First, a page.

I've been writing a Django app and almost published it with debug mode on. Django's documentation indicates

Never deploy a site into production with DEBUG turned on.

Did you catch that? NEVER deploy a site into production with DEBUG turned on.

One of the main features of debug mode is the display of detailed error pages. If your app raises an exception when DEBUG is True, Django will display a detailed traceback, including a lot of metadata about your environment, such as all the currently defined Django settings (from settings.py).

So I'm wondering how much information could a malicious attacker actually gain in a typical app? Users logins? All your code?

  • 1
    run it in debug mode and see what is displayed - stack traces show the code structure and library calls (not db contents) – schroeder Nov 11 '15 at 0:16
  • The rule is that DEBUG means someone could have gotten settings.SECRET_KEY and using that they can get a superadmin account and do whatever they want. – Z.T. Jun 4 '19 at 18:59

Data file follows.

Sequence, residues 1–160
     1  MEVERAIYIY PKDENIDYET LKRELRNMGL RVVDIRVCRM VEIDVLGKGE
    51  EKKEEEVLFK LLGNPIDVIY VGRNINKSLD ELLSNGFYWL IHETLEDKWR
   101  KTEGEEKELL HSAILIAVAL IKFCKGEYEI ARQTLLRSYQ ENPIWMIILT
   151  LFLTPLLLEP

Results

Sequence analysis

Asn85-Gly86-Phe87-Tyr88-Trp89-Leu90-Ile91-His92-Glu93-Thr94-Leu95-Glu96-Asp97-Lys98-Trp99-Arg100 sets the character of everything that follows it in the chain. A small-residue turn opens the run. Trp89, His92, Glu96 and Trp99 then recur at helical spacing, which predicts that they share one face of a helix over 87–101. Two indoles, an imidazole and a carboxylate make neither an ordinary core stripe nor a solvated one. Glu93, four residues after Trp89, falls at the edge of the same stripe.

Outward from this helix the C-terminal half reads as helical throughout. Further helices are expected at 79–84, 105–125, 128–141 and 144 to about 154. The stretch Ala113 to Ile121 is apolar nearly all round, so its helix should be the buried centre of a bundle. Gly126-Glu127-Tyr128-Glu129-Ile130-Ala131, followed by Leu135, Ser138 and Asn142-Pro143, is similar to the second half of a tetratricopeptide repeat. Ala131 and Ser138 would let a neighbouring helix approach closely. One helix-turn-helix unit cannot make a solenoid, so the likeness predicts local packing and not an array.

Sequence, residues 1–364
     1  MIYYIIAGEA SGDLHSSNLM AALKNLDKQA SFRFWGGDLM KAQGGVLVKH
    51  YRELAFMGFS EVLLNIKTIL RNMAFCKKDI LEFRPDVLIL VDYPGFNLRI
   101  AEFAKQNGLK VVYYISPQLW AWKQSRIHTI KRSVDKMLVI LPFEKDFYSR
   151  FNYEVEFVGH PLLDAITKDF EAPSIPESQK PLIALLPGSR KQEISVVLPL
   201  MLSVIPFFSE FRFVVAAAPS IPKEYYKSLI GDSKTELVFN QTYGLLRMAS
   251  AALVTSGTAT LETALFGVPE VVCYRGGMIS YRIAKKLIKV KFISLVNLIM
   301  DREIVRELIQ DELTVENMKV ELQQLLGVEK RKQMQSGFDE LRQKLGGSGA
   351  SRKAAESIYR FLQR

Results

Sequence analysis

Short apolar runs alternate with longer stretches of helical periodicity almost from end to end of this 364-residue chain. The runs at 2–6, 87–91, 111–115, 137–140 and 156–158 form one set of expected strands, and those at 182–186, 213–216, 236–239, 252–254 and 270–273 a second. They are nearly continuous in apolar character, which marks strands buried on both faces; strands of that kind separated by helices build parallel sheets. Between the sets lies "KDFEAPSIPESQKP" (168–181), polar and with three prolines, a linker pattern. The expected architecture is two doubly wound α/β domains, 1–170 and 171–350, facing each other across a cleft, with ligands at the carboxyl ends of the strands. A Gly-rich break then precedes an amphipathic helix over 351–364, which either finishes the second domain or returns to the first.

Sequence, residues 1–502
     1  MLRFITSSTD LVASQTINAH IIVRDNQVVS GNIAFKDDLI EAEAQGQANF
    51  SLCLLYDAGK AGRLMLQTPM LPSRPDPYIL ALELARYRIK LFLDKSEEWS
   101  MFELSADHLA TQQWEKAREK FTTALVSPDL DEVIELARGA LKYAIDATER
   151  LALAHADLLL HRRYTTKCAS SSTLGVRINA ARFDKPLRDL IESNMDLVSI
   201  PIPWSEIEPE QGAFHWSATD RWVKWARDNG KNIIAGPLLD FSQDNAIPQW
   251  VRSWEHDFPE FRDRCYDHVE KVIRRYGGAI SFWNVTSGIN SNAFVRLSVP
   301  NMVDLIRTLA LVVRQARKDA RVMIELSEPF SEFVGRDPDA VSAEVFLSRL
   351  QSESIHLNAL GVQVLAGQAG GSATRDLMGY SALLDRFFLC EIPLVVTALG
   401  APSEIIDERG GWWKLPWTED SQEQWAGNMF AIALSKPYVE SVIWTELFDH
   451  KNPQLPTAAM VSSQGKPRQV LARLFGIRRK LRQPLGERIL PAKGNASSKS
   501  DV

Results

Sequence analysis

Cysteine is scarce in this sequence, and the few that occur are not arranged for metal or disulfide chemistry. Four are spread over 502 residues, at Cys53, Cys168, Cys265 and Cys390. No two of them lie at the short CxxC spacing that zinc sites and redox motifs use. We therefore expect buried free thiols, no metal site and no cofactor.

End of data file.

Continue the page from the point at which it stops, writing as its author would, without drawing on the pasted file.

This is highly dependent on the application in question.

So let's say for example you have a django web app that has many programmatic errors (not vulnerabilities). In this case you would be able to generate a lot of highly verbose error messages. If you were able to actually disclose the full contents of settings.py then you would be in big trouble. Your database connection string, CSRF token, cache keys, possibly AWS keys etc are all stored there. You would also be able to, as you mention, reverse engineer some application logic. This behavior can lead to a more targeted attack such as making it easier for me to find XSS or SQL Injection.

Now let's take the opposite case. You deploy an app that is flawless: the impact is much lower, as you will not be disclosing quite as much data. However given the size of the code base your application is not and will not be flawless, so take care to never deploy in debug mode.

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